Start Date

17-3-2020 10:45 AM

End Date

17-3-2020 11:15 AM

Author(s) Bio

Stacey Wahl is a Research and Education Librarians at Tompkins-McCaw Library for the Health Sciences at Virginia Commonwealth University (VCU) where she is the liaison to the basic sciences in the School of Medicine. Wahl received her doctorate in Biomedical Sciences from Rutgers Biomedical Health Sciences where she studied developmental neuroscience. Following a postdoctoral fellowship in biology at VCU, she joined the library in 2018. As the liaison to the basic sciences, Wahl provides consultations and instruction in research support, literature searching, and grant preparation. In addition, she coordinates programming for VCU scientists, including a science communication series for postdoctoral fellows. Amy Olex joined the Wright Center in 2014. As a senior bioinformatics specialist, she provides bioinformatics and natural language processing (NLP) services through education and training, pipeline development and data analysis. Olex specializes in processing next-generation genomic sequencing data. She leads bioinformatics and NLP seminars and workshops, and heads a new Wright Center collaboration with the University of Chicago. Olex earned a master’s degree in computer science and a certification in structural and computational biology at Wake Forest University in 2007. She is currently pursuing a doctorate in computer science with a focus on natural language processing at VCU.

Presenter Status

Academic Librarian

Keywords

bioinformatics, active learning, genetics, NCBI, workshop series, innovative teaching

Presentation Type

30 minutes (e.g. Individual)

Description of Proposal

As Health Sciences Libraries evolve, the support they offer graduate students has evolved to incorporate many aspects of the research life cycle. At Tompkins-McCaw Library for the Health Sciences, we have partnered with the Wright Center for Clinical and Translational Research to offer training workshops for graduate students who are interested in using bioinformatics to plan, analyze, or execute scientific experiments. We offer two series: 1) an 8-week, 1-hour per week seminar series providing a general overview of available techniques and 2) a week-long intensive, two hours per session, series on utilizing free databases from the National Center for Biotechnology and Information (NCBI). Workshops have been offered for four years; a consistent challenge has been the variety of experience of participants, particularly in their biological science content background. To address this challenge and provide a solid foundation for the series, in 2019 we conducted a basic genetics session prior to engaging with the NCBI databases. In this lesson, we introduced participants to the central dogma of biology and utilized that knowledge in active learning sessions, with the goal of a shared understanding of the biological processes of transcription and translation. This understanding is essential to effectively using the gene and protein databases to interpret data and plan experiments. In addition to laying a solid content foundation, these activities set the stage for an interactive series and allowed participants to feel comfortable with the content and with interacting with each other. Feedback for the sessions was largely positive with 86% of survey respondents indicating enjoying the genetics portion specifically. The activities utilized open access learning materials and could be adapted for bioinformatic workshops at other institutions.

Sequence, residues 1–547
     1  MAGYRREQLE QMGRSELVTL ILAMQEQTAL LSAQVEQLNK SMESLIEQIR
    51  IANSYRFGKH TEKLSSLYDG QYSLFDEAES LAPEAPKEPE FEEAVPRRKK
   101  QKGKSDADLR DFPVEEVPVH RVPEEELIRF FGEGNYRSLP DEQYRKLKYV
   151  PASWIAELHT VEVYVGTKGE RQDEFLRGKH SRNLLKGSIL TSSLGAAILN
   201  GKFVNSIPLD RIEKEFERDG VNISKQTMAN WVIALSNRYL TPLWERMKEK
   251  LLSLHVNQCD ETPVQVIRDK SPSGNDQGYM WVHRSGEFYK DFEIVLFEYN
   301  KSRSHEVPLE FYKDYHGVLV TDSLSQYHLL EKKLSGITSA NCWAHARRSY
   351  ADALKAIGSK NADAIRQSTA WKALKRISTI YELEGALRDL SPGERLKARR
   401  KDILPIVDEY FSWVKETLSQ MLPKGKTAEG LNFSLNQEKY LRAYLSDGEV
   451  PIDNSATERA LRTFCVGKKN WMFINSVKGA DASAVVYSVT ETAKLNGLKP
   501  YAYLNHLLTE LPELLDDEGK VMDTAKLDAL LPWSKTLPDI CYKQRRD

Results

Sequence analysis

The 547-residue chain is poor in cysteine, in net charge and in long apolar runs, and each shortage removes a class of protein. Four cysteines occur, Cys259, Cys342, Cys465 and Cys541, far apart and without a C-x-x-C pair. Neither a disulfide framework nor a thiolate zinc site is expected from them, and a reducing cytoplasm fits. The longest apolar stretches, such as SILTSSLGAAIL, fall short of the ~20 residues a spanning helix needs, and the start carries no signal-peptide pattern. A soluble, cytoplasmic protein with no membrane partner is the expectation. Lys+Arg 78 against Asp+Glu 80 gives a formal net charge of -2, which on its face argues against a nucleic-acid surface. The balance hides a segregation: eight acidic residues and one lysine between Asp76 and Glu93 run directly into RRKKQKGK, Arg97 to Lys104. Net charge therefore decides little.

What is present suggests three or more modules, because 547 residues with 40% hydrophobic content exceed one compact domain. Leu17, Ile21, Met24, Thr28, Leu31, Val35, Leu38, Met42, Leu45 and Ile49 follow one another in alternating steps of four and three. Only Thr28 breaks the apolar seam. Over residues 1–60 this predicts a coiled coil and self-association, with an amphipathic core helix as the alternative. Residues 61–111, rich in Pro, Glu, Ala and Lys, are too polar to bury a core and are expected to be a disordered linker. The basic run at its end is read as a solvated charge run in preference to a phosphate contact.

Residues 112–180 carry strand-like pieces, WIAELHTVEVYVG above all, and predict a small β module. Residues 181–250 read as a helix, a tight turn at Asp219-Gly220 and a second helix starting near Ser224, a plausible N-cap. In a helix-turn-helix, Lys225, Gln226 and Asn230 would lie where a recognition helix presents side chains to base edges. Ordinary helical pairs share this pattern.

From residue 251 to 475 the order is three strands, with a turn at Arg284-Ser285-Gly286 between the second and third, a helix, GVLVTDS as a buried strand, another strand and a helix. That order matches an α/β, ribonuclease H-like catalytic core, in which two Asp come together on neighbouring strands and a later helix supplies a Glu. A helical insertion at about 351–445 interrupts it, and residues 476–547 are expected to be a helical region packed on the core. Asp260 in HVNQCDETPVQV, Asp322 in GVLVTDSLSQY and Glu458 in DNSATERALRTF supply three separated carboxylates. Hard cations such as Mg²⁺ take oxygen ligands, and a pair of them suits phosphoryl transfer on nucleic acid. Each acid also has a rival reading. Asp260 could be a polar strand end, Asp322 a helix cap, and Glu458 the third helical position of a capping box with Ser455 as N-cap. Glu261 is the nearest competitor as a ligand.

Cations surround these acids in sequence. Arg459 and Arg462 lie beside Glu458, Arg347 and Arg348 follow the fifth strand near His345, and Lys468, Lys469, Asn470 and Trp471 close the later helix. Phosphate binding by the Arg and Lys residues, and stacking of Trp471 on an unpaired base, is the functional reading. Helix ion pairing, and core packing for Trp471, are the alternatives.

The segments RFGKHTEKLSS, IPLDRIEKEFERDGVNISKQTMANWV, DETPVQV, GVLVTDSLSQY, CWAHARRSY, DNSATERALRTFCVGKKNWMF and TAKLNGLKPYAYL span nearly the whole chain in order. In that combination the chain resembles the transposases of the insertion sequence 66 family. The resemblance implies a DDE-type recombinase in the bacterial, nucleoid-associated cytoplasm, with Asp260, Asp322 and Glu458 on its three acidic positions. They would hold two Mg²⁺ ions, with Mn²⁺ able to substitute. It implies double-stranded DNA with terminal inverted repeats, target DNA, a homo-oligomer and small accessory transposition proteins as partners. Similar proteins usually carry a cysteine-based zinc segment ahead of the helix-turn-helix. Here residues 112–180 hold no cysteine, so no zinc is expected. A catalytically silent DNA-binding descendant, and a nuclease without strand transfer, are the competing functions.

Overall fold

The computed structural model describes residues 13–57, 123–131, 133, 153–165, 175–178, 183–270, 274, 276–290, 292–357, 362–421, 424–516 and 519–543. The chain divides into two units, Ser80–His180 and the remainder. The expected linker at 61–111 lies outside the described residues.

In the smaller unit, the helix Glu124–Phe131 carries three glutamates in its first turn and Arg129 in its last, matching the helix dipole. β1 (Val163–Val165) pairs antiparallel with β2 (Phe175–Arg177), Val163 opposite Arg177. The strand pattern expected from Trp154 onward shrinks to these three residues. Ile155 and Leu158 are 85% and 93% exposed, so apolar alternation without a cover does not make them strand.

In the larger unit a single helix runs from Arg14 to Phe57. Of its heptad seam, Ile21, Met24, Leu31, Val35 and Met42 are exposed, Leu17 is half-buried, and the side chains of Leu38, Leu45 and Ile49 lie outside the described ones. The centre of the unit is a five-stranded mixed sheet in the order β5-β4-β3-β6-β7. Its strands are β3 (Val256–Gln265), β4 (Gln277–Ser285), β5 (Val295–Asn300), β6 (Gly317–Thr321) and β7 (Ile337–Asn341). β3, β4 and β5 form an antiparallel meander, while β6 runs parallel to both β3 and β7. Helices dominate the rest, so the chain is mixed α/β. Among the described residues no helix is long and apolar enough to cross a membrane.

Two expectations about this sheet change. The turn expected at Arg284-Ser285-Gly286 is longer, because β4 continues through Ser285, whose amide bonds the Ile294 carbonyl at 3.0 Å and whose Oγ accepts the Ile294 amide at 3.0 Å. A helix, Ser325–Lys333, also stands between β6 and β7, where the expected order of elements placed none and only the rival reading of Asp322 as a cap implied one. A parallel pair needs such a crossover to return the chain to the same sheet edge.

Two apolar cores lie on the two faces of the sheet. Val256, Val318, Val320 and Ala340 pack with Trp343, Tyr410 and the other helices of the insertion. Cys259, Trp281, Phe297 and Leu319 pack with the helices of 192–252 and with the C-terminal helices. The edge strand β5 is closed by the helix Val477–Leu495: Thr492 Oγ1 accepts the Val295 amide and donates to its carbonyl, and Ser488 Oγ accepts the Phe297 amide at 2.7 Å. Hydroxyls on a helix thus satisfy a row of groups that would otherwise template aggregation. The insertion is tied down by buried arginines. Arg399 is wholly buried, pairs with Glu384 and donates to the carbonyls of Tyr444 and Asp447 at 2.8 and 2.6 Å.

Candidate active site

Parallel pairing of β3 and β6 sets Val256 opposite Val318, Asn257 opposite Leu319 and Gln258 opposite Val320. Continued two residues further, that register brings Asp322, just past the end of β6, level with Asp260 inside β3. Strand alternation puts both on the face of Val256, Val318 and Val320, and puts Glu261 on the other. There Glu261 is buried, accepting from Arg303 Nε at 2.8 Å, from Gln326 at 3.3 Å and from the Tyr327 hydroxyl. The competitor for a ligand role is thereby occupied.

What takeaways will attendees learn from your session?

At the conclusion of today’s session participants will be able to:

  1. Identify open access resources to use to teach basic genetics.

  2. Understand the importance of a shared conceptual foundation.

  3. Apply active learning techniques to bioinformatic workshops.

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Mar 17th, 10:45 AM Mar 17th, 11:15 AM

Using Active Learning To Build A Foundation For Bioinformatics Training.

As Health Sciences Libraries evolve, the support they offer graduate students has evolved to incorporate many aspects of the research life cycle. At Tompkins-McCaw Library for the Health Sciences, we have partnered with the Wright Center for Clinical and Translational Research to offer training workshops for graduate students who are interested in using bioinformatics to plan, analyze, or execute scientific experiments. We offer two series: 1) an 8-week, 1-hour per week seminar series providing a general overview of available techniques and 2) a week-long intensive, two hours per session, series on utilizing free databases from the National Center for Biotechnology and Information (NCBI). Workshops have been offered for four years; a consistent challenge has been the variety of experience of participants, particularly in their biological science content background. To address this challenge and provide a solid foundation for the series, in 2019 we conducted a basic genetics session prior to engaging with the NCBI databases. In this lesson, we introduced participants to the central dogma of biology and utilized that knowledge in active learning sessions, with the goal of a shared understanding of the biological processes of transcription and translation. This understanding is essential to effectively using the gene and protein databases to interpret data and plan experiments. In addition to laying a solid content foundation, these activities set the stage for an interactive series and allowed participants to feel comfortable with the content and with interacting with each other. Feedback for the sessions was largely positive with 86% of survey respondents indicating enjoying the genetics portion specifically. The activities utilized open access learning materials and could be adapted for bioinformatic workshops at other institutions.